Thomas Prosser explains that the government’s turn towards more redistributive policies is an attempt to appeal to its changing support base, specifically those who combine more authoritarian cultural views with left-wing economic ones. He writes that there are nonetheless limits to how far a Conservative government can go on redistribution.
The Conservative Party is not associated with redistribution. This is changing. Not only was the party successful among lower classes in the 2019 election, but the Johnson Government has made signals about redistribution, and the 2020 Budget confirmed initial prognoses. Aside from major investments in public services and housing, the Budget raised the National Living Wage and loosened conditions attached to welfare. Treasury analysis shows considerable increases in spending per household, concentrated among lower-income deciles.
Yet there are limits to Conservative ability to achieve redistribution. Not only does the party continue to be supported by businesses and the rich, but the March Budget made less progress on tax and benefits. In this area, gains were concentrated among richer deciles. Despite limitations, the Conservatives are placing more emphasis on redistribution. Some disagree on this, yet there is a need for interpretations which move beyond older conceptions of the party. Important parts of the Conservative base are now low-income voters, not to mention swing voters in 30 or so Labour seats with small majorities. Theories of redistribution predict that parties target such groups.
This kind of politics has precedent. In Poland and Hungary, right-populists have implemented major redistribution. The Polish case is particularly notable, the PiS Government implementing welfare reforms which have transformed conditions for the poorest. Though redistribution and cultural conservatism are not usually associated, this is a Western anomaly: a recent study of 99 countries found that it was more common for right-wing cultural views to be coupled with left-wing economic views, particularly among poorer citizens. In Poland and Hungary, right-populist governments are better known for attacks on institutions such as the courts and media. The Johnson Government appears to have similar designs, recently threatening reform of the BBC and courts.
There is a link between redistribution and attack on liberal-democratic institutions. Because low to middle-income groups tend to prefer redistribution yet also hold more authoritarian values, these demographics are natural supporters of movements which advocate such measures. Admittedly, the Johnson Government has restricted ability to combine authoritarianism and redistribution. Aside from the maturity of British liberal-democratic institutions, richer Conservative voters will frustrate the development of redistributive policies. These differences mean that the Polish case will not be fully replicated; support for the PiS Government is concentrated among low-income groups. The government will also eschew the welfare chauvinism found in Hungary, the Orbán Government combining expansive policies with sanctioning of out-groups such as the unemployed and Roma. Though the Budget contained chauvinistic measures, restricting the access of European migrants to benefits, these are comparatively mild.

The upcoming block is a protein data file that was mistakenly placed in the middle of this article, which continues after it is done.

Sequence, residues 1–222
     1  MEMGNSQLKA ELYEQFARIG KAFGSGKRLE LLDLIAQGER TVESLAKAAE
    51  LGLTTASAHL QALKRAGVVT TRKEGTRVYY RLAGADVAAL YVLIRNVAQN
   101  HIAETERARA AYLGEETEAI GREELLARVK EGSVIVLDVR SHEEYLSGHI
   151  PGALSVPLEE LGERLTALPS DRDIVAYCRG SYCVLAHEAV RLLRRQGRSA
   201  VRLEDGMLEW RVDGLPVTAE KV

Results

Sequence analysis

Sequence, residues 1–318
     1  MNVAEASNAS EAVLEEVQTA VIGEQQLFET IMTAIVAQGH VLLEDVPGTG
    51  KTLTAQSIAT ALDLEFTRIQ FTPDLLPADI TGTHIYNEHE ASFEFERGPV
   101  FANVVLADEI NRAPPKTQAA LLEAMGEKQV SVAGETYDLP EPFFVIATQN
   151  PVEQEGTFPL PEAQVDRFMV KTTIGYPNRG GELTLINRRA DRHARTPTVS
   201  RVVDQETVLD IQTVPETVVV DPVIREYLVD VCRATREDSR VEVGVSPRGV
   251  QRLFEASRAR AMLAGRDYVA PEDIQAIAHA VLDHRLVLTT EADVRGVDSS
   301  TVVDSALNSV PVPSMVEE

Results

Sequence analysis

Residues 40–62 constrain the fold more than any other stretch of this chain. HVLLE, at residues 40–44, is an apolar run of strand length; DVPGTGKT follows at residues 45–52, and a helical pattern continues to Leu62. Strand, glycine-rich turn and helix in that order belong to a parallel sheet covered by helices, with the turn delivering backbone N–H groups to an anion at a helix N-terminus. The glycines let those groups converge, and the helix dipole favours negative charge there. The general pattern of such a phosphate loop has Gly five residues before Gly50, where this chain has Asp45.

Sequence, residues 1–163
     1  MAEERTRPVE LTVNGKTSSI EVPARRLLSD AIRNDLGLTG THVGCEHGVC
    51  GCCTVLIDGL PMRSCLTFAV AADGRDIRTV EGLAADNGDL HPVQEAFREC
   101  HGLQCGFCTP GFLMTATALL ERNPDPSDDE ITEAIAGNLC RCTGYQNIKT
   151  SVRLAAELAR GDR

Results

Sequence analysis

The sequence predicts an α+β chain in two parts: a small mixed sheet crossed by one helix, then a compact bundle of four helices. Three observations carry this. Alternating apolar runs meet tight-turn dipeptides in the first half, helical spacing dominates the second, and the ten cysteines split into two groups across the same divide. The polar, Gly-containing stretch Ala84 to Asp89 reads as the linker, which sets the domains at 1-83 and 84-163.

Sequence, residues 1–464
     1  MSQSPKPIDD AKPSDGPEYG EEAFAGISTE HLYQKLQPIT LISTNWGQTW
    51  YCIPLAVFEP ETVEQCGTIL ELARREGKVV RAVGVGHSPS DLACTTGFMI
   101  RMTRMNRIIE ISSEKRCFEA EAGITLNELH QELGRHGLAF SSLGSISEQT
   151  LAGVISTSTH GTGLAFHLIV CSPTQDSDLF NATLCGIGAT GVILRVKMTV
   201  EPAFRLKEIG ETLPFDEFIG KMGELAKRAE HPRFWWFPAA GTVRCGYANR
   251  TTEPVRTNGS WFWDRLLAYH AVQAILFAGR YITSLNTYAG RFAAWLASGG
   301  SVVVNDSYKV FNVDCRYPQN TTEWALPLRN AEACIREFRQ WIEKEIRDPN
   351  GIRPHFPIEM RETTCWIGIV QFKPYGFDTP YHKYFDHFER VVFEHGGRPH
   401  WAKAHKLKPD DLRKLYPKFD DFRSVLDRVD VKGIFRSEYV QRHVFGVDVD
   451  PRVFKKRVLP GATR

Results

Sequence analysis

Despite differences with other countries, British political space increasingly lends itself to this kind of agenda. Because of the declining popularity of Labour among low-income groups, the Conservative Party have greater scope to appeal to voters who favour authoritarianism and redistribution. Most obviously, there are lower-class Brexit enthusiasts, many of whom are first-time Conservative supporters. Given their wider sympathies, hardened during post-referendum battles, such voters would relish attacks on the BBC and courts. Redistributive measures would increase Johnson’s appeal, locking these voters into the Johnson support base. Aside from such cases, redistributive policies will satisfy voters who hold mixed opinions on cultural issues associated with Brexit.
Authoritarians are successful when key sectors of society remain silent. Groups placated by redistribution historically gravitated towards Labour, creating a virtuous circle of redistribution and liberal-democratic standards; this is unravelling, with attitudes of Conservative voters towards democracy being particularly troubling. In a recent British Election Study, respondents were asked whether a country is best run by a strong leader who ignores parliament and elections; less than 50% of Conservative voters disagreed.
Any ‘great realignment’ of British politics will remain incomplete. Many lower-income voters will stay with Labour, particularly ethnic minorities and young people. Were the Labour Party to be competently led, there would be further resistance. British politics nonetheless appears likely to move towards this equilibrium. This is associated with Brexit. Even if redistributive authoritarianism can develop within the EU, as Poland and Hungary show, Brexit has created a new authoritarian-liberal cleavage, largely favourable to a right-populist Conservative Party. For the moment, most other Western European countries will resist sweeping changes. Though similar trends exist in the region, the endurance of established politics means that changes will remain incremental. Brexit has nonetheless transformed British politics, creating space for unforeseen alliances.
Thomas Prosser (@prossertj) is Reader in European social policy at Cardiff University.
All articles posted on this blog give the views of the author(s), and not the position of LSE British Politics and Policy, nor of the London School of Economics and Political Science. Featured image credit: DC Irwin on Unsplash.